Music

MENDELSSOHN: A MUSICAL STAGED READING

Experience the story of Jewish-born composer Felix Mendelssohn with a modern twist, featuring a cast of nine, a live band and 15 original songs and classical music excerpts. Q&A with the cast follows the show. Part of Theater for the New City’s “New City, New Blood” reading series. — Monday, June 18, 7 p.m., Theatre for the New City, 155 First Ave. (bet. 9th & 10th streets), (212) 254-1109, theatreforthenewcity.net. $5 suggested donation.

THE JEWISH AMERICAN DISAPORA EXPERIENCE

In a program of music and discussion, the Multicultural Music Group ensemble performs Frank London’s symphonic work, “Eastern Parkway Bulgar.” Also on the bill is music from George Gershwin and Leonard Bernstein. — Friday, June 15, 7 p.m., Studio Theater at Lehman College, 250 Bedford Park Blvd., multiculturalmusic.com. Free.

SONGS FOR THE HOLY CITY

The annual “John Paul II Lecture on Interreligious Dialogue” features an interfaith evening of music and prayer. The Jewish Theological Seminary hosts a gathering of clergy, vocalists and musicians from the Jewish, Muslim and Christian traditions, where they lead attendees in song and prayer for the peace and future of Jerusalem. — Wednesday, June 20, 7:30 p.m., JTS, 3080 Broadway (at 122nd St., jtsa.edu.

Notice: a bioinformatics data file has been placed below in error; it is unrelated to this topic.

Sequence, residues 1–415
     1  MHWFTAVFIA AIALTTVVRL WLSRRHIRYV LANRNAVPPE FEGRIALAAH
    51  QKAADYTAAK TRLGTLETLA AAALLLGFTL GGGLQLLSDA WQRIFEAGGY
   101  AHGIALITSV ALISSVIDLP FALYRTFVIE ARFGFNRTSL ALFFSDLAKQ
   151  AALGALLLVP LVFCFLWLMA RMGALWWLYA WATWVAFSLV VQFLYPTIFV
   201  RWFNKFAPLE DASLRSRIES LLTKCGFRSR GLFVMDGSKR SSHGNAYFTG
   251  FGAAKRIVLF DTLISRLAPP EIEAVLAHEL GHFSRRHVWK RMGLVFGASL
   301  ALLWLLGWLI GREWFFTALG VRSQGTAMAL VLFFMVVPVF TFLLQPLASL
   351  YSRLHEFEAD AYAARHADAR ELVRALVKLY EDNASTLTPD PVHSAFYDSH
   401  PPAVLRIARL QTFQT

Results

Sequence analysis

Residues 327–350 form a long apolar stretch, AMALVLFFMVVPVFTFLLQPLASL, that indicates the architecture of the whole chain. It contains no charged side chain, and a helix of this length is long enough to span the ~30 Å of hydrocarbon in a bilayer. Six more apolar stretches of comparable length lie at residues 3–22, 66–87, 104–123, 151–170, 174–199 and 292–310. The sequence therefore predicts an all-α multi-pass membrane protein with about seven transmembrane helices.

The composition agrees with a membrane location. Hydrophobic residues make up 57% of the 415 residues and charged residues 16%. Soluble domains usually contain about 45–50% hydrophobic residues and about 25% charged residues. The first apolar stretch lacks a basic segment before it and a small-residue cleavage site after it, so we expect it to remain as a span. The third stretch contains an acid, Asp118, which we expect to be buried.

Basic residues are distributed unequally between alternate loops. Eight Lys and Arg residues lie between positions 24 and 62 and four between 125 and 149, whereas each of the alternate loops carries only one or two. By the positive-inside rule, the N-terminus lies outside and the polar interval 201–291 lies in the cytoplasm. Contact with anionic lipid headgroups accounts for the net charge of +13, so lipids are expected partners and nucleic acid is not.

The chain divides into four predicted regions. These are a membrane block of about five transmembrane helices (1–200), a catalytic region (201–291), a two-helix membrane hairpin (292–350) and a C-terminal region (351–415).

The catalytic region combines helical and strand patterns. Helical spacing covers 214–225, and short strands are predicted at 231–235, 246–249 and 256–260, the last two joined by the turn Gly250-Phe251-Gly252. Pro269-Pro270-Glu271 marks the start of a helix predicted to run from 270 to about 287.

EHUD ASHERIE TRIO

With a “sprightly dancing style on the keyboard” (Jazz Notes), the New York-based, the Israeli-born jazz pianist plays a straightforward, classy jazz repertoire which All About Jazz magazine described as “a wonder and more than a joy to hear,” while the New Yorker described him as “a passionate craftsman joyfully at ease with pre-swing idioms.” — Sunday, June 17, 7:30 – 10 p.m., Smalls Jazz Club, 183 W. 10th St., (646) 476-4346, smallslive.com.

ARI HOENIG TRIO

The Philadelphia-born drummer Ari Hoenig relentlessly explores the melodic possibilities of the drums and has worked with a long list of top-flight musicians. With Eden Ladin on piano and Or Bareket on bass. — Saturday, June 16, 8:30 and 10 p. m., Cornelia Street Cafe, 29 Cornelia St., (212) 989-9319, info@corneliastreetcafe.com, corneliastreetcafe.com. $10 cover plus $10 food/drink minimum.